“I wish to acknowledge all the city, state, community, and philanthropic partners who continue to come together and collaborate in support of our vision for an equitable economy,” said Michael Fassnacht, President and CEO, World Business Chicago, and Chief Marketing Officer, City of Chicago. “I am confident that the recommendations and solutions presented in the Women’s Advisory Council report will provide us with the opportunity to work to ensure workplaces are safe, equitable, and fair for all.”
Leading up to the release of the report, the City led a total of nine data presentations with over 60 key stakeholders such as City officials, philanthropic organizations, private sector leadership, and State officials. The data presented was a snapshot of the findings, depicting grave disparities in the labor market in Chicago. Stakeholders were engaged in discussion to inform recommendations and solutions. As such, the report concludes with actionable strategies and solutions for workforce development practitioners, policy-makers, and employers and underscores that no single entity will create equity in our economy alone, it requires collective action.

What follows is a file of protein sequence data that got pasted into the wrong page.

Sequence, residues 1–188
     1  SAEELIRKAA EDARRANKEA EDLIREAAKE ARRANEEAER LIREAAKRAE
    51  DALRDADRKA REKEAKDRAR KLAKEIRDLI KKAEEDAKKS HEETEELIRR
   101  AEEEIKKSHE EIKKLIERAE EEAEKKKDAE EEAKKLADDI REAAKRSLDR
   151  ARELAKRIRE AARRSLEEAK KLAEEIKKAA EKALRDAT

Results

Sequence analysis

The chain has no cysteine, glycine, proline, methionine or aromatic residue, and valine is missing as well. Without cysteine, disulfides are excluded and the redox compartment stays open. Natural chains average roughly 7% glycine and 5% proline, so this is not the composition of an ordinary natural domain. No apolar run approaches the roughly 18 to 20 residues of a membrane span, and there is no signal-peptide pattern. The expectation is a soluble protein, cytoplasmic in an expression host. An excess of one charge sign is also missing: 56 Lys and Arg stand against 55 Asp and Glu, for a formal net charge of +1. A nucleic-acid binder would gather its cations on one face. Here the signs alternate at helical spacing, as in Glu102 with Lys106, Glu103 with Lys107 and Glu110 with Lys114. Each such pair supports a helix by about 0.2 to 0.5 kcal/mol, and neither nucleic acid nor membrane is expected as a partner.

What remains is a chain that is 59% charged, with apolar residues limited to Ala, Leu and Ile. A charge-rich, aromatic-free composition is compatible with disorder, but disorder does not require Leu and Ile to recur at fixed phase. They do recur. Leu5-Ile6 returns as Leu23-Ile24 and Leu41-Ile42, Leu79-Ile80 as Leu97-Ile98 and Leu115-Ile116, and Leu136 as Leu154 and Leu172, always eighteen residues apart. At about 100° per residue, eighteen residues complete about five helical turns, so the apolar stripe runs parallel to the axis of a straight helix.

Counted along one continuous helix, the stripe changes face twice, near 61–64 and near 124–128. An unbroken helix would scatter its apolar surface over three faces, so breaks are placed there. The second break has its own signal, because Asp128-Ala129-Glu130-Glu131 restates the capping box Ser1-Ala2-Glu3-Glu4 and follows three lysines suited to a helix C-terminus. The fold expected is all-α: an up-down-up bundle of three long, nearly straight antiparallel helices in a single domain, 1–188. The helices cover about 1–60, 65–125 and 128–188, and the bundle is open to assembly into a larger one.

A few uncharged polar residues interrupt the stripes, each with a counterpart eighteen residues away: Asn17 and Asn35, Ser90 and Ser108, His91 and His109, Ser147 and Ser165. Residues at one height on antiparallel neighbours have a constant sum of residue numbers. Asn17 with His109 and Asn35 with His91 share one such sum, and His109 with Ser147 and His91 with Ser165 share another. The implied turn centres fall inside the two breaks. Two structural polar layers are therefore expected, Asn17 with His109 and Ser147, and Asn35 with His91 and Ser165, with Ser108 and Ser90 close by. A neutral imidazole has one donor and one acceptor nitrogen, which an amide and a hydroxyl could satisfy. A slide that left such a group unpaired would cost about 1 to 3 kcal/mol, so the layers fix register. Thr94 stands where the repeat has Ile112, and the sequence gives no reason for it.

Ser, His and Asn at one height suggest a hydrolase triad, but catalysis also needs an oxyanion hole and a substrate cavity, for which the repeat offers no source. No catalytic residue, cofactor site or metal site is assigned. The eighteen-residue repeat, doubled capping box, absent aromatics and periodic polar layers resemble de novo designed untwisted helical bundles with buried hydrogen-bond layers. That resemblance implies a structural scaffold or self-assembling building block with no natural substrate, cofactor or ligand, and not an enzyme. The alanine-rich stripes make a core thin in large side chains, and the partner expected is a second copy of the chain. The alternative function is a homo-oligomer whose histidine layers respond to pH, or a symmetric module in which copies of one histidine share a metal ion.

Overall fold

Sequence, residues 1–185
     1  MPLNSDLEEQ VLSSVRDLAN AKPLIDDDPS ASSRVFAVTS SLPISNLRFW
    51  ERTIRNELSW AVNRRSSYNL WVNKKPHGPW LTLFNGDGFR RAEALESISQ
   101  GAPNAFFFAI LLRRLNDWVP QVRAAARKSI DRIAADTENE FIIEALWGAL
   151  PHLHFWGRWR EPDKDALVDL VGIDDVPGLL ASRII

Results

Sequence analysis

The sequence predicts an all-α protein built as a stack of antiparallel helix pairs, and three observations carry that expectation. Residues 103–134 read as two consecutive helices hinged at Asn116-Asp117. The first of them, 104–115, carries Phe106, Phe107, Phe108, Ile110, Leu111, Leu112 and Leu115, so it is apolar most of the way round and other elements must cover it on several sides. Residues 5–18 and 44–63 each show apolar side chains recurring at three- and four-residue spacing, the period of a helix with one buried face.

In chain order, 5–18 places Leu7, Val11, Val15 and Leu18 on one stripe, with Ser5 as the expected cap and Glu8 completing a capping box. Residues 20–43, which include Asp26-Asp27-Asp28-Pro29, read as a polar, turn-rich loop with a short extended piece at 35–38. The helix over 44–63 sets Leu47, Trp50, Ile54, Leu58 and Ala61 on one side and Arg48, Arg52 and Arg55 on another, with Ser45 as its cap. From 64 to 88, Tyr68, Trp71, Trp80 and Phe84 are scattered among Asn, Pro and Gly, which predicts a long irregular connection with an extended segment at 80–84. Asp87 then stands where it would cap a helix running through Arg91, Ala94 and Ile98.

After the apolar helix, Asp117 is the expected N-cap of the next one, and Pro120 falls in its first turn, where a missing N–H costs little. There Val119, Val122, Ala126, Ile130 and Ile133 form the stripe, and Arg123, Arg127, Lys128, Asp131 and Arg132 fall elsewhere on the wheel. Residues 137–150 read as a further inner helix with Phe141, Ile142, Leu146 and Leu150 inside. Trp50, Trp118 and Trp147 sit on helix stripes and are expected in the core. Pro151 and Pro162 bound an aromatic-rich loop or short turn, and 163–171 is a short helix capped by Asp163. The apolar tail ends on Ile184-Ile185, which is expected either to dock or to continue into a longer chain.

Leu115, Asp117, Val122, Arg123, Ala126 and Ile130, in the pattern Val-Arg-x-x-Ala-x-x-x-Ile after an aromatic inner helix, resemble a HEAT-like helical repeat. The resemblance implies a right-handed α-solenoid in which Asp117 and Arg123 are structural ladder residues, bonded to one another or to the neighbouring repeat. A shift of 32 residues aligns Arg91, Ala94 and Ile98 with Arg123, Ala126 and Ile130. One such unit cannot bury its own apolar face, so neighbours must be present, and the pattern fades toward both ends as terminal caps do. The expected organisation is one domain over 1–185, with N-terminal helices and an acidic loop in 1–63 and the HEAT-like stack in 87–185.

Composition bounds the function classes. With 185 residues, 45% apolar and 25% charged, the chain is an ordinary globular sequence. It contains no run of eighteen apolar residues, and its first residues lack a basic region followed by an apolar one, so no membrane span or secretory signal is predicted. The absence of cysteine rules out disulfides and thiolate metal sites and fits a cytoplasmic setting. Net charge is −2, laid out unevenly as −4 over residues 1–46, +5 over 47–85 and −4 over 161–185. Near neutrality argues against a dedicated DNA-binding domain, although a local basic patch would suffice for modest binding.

“The findings in this report confirm what we already knew — that working women, and especially Black and Brown women, were already economically vulnerable before COVID-19 and that the pandemic has grown and exacerbated existing economic divides. To ensure women can emerge from the ‘she-cession’ strong and build the financial security they need to prosper, we must pull multiple levers — including advancing legislation and policy, changing employer practices, and creating pathways to better careers that pay living wages. Women Employed is thrilled that the City has made this work a priority, and we look forward to continuing our work with the Mayor’s Women’s Advisory Council to make this a reality,” said Cherita Ellens, President and CEO, Women Employed.
“It is unacceptable that so many women in our workforce are working extremely hard every single day and still struggling to provide for themselves and their families,” said Ai-jen Poo, President of the National Domestic Workers Alliance. “I commend Mayor Lightfoot’s Women’s Advisory Council and the City of Chicago for acknowledging the egregious disparities in our economy and demonstrating leadership in addressing these inequities. We must build a strong care infrastructure in this country because this pandemic has proven that care cannot wait.”
To read the report, visit Chicago.gov/gbv.